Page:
Saturday, February 12, 2011

Artificial Intelligence

Artificial Intelligence (AI) is nothing but the branch of computer science which aims to create intelligence of machines. John McCarthy defines it as "the science and engineering of making intelligent machines."
Today, AI has become an essential part of the technology industry, providing the heavy lifting for many of the most complicated problems in computer science. AI research is highly technical and specialized, deeply divided into sub-fields that often fail to communicate with each other. Sub-fields have grown up around particular institutions, the work of individual researchers and the solution of specific problems etc. The central problems of AI include such traits as reasoning, knowledge, planning, learning, communication, perception and the ability to move and manipulate objects. General intelligence is still a long-term goal of (some) research.
Some of the branches of AI are listed as follows:
Logical AI:
What a program knows about the world in general the details of the specific situation in which it must act, and its goals are all represented by sentences of some mathematical logical language. The program decides what to do by inferring that certain events are appropriate for achieving its goals.
AI programs often examine large numbers of possibilities, e.g. moves in a chess game or inferences by any theorem. Discoveries are continually made about how to do this more efficiently in various domains.
Facts about the world have to be represented in some way. Usually languages of mathematical logic are used.
From some facts, others can be inferred. Mathematical logical deduction is adequate for some purposes, but new methods of non-monotonic inference have been added to logic since the 1970s. The simplest kind of non-monotonic reasoning is default reasoning in which a conclusion is to be inferred by default, but the conclusion can be withdrawn if there is evidence to the contrary. For example, when we hear of a bird, we man infer that it can fly, but this conclusion can be reversed when we hear that it is a penguin. It is the possibility that a conclusion may have to be withdrawn that constitutes the non-monotonic character of the reasoning. Ordinary logical reasoning is monotonic in that the set of conclusions that can the drawn from a set of premises is a monotonic increasing function of the premises.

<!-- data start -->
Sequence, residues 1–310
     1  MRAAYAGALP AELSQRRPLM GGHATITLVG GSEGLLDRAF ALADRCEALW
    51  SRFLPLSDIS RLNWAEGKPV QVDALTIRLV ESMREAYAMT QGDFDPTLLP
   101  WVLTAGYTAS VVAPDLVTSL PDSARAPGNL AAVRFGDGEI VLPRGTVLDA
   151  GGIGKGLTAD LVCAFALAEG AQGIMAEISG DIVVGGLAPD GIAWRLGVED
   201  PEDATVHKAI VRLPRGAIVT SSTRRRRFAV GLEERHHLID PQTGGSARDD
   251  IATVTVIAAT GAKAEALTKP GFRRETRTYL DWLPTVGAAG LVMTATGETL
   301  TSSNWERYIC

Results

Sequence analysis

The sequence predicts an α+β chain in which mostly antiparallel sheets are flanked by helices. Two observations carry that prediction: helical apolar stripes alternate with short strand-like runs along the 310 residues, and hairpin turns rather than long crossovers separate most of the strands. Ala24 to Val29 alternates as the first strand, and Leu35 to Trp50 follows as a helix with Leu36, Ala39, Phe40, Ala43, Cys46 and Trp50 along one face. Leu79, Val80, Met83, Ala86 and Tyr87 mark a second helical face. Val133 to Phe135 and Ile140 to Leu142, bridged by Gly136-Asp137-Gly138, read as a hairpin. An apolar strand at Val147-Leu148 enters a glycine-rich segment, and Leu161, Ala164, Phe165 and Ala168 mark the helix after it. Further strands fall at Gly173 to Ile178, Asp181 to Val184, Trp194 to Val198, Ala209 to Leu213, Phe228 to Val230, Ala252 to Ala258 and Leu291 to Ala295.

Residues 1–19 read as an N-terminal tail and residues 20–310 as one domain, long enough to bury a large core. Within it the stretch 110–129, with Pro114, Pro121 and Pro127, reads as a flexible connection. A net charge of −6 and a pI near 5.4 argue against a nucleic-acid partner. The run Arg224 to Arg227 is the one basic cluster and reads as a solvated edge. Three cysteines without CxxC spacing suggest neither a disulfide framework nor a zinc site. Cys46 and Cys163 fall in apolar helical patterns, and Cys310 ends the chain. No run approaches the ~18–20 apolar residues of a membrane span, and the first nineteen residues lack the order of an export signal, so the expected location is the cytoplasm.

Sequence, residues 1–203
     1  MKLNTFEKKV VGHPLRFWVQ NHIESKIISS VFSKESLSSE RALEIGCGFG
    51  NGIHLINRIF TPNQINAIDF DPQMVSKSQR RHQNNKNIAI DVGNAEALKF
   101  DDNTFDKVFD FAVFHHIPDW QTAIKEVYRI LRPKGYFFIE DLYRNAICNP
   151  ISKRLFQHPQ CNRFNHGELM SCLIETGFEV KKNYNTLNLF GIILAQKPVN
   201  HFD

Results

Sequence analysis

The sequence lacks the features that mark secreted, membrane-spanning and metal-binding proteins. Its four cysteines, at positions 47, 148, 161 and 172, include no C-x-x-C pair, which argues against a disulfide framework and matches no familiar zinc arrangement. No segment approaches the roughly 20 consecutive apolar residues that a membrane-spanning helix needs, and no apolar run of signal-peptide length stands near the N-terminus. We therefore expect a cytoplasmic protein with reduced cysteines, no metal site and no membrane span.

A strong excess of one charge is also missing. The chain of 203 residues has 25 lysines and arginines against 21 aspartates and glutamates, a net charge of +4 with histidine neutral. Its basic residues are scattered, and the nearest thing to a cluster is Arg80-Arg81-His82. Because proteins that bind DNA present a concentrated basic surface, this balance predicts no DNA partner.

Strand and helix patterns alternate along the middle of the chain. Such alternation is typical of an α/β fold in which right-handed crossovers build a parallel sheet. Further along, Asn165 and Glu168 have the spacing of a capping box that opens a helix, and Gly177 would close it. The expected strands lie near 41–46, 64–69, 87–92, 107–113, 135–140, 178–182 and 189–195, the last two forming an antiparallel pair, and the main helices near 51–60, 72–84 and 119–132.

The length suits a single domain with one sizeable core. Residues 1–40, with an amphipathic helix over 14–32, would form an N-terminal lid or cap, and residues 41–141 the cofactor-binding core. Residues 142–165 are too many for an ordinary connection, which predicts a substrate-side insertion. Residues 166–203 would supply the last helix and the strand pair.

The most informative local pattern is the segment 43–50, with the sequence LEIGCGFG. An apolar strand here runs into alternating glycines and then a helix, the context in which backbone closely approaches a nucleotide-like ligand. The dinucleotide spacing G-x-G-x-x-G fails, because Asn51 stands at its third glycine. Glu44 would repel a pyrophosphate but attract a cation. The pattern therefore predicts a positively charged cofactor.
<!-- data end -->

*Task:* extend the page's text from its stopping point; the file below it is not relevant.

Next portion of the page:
Pattern recognition:
When a program makes observations of some kind, it is often programmed to compare what it sees with a pattern. For example, a vision program may try to match a pattern of eyes and a nose in a scene in order to find a face. More complex patterns, e.g. in a natural language text, in a chess position, or in the history of some event are also studied. These more complex patterns require quite different methods than do the simple patterns that have been studied the most.

Learning from experiences:
The approaches to AI based on connectionism and neural networks specialize in that. There is also learning of laws expressed in logic and is a comprehensive undergraduate text on machine learning. Programs can only learn what facts or behaviors their formalisms can represent, and unfortunately learning systems are almost all based on very limited abilities to represent information.
A heuristic is a way of trying to discover something or an idea embedded in a program. The term is used variously in AI. Heuristic functions are used in some approaches to search to measure how far a node in a search tree seems to be from a goal.
This is a study of the kinds of knowledge that are required for solving problems in the world.
Ontology is the study of the kinds of things that exist. In AI, the programs and sentences deal with various kinds of objects, and we study what these kinds are and what their basic properties are.
Some applications of AI are depicted in following figure:

Playing Games :